Sci-fi monster super death cage match

“Alien vs. Predator” is only the latest example of that perennial sci-fi subgenre known as the crossover — where two characters from two different series cross into one another’s storytelling territories. In the case of “AvP,” you can even divide it further into the sub-subgenre known informally as “Who’d kick whose butt?” … But why stop at Aliens and Predators? Here’s a full fight card matching up more than a dozen other movie monsters, tough guys and villains.

Originally published on Aug. 19, 2004. Read the complete article.

Straight Talk: Alan Sparhawk of Low

The saying goes that slow and steady wins the race. If so, give Low the gold. This Duluth indie-rock trio—guitarist Alan Sparhawk, his wife Mimi Parker on drums, and bassist Zak Sally—have become internationally renowned for a contemplative, ethereal sound reminiscent of Galaxie 500 and the early Cure. Their new retrospective box set, A Lifetime Of Temporary Relief, collects B-sides and rarities going back to Low’s earliest recorded work, in addition to eleven videos and three documentaries, including the illuminating “Closer Than That.” Essential for any fan, it would be a good place to start for the casual listener as well (say, those who might only have heard the version of “Little Drummer Boy” the Gap used in a Christmastime TV ad). They’re currently working with Flaming Lips producer Dave Fridman on a full-length record, their seventh, which Sparhawk jokes will “sound like Weezer.” Sparhawk will play a solo show at the 400 Bar July 31, and Low appears October 8-9 at Triple Rock Social Club.

THE RAKE: Does Duluth exert a geographic influence on your songs?
I think so. There’s a sort of Scandinavian reservedness about it. And the cold, the long winter, the mini-ocean. We have a definite Midwestern thing going on, a lack of irony. Although we did do a Journey cover.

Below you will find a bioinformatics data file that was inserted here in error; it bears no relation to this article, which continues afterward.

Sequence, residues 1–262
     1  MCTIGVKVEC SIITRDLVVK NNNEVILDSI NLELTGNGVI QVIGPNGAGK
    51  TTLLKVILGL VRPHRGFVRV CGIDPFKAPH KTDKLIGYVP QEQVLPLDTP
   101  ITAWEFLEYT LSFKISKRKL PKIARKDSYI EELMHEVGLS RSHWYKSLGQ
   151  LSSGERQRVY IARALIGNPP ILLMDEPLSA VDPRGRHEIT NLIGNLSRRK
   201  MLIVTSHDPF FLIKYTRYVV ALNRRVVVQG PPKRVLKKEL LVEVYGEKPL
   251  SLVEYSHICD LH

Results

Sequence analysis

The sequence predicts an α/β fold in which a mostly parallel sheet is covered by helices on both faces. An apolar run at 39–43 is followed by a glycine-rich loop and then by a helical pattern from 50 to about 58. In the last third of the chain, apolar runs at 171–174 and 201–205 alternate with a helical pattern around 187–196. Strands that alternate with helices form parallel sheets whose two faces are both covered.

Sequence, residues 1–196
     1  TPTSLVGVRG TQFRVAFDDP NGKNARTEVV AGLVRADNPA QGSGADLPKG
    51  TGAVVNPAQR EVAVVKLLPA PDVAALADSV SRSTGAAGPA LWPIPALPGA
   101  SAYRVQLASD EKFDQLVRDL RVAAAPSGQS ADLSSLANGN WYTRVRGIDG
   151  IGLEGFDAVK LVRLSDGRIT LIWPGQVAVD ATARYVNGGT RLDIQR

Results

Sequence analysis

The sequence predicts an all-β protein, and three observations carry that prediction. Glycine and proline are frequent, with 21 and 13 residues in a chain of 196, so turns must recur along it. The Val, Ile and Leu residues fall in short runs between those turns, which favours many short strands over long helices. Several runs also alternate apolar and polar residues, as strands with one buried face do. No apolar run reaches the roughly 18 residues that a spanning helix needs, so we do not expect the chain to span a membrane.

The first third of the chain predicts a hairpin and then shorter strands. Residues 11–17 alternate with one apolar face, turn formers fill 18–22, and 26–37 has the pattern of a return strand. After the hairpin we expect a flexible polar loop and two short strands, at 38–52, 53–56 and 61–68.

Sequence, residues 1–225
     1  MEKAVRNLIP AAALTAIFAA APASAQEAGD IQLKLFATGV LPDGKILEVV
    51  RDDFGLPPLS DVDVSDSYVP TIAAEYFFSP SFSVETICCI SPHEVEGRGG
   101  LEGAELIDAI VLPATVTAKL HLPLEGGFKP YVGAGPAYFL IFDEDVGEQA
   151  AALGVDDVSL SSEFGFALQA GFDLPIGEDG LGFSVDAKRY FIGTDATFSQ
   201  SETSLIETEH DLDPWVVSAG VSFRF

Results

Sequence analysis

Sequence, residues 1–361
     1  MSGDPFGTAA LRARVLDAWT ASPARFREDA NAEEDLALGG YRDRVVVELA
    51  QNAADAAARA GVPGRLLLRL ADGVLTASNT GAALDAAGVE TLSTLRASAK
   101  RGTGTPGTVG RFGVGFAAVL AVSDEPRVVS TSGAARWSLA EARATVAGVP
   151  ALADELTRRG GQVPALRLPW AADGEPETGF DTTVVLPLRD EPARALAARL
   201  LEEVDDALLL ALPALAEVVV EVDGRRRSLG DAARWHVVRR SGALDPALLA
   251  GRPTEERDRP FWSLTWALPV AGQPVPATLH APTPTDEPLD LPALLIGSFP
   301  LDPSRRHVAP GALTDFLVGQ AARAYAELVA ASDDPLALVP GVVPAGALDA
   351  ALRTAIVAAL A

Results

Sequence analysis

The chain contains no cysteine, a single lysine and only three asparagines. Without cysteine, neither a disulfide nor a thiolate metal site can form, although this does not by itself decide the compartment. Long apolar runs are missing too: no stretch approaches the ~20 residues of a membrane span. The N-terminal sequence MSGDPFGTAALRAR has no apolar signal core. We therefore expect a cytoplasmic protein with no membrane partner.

The “Closer Than That” documentary includes footage from a concert in Amsterdam. How is Low received in Europe?
Pretty well, actually. I think we actually sell more records in Europe and England. I hope we don’t become one of those bands that nobody knows over here but we’re huge in Belgium. We have a great fan base in the U.S., and we’re certainly not slagged or ignored by the press, but it seems like in Europe we’re treated seriously, as a band that’s as valid as anybody else. Whereas in the U.S. we’re still kind of an anomaly: “Oh, yeah, that slow, quiet, indie rock band.” We could tour Europe twice as much as we do.

On the other hand, it’s more difficult to tour Europe because you’re also traveling with your children.
Yeah. In the U.S. you can just hop in the van and go.

What’s it like for Low to be simultaneously a band and a family?
It’s good. It can be difficult, but I’d rather do it this way. We’re lucky to be able to be around our kids all the time. Each side of my life is amplified by the other. The band pushes the possibilities for tension in the marriage, but also the rewards. They play off each other. The bad days are bad for the family, and vice versa. The biggest factor is having children.

You and Mimi just had your second, didn’t you?
Yes, he’s about a month old.

If you keep going, you could transform Low into the world’s slowest Von Trapp Family Singers cover band.
There you go! It could become a family variety show. A friend of mine says, almost seriously, that he wants to film a pilot of us going on the road, and call it Family Band. Sort of an alternative Osbournes—though it’d probably be more like The Office.

Your cover of “Surfer Girl” started as a lullaby to your daughter, right?
Yes. It’s funny, because there’s a moment on the documentary where Mimi and I are sitting on a couch backstage after a concert, and we play “Surfer Girl,” and she suddenly perks up and turns her head to look. I didn’t realize she did that until I’d seen the footage.

Despite your successes, Low’s unusual approach probably means you’ll always be a niche band. But your ten-year career suggests you’ve found the right niche.
It’s been appropriate for us. I’d love to make a record for $200,000 with Brian Eno, but you have to work with what resources are there. It’s not about staying “indie”—we don’t care about that. You have to adjust to the fact that if you have something going on and it connects with people, even on a small level, you can do it if you have the right attitude and the right perspective. You’ve got to work within the limits.

Originally published in the August 2004 issue of Rake Magazine.

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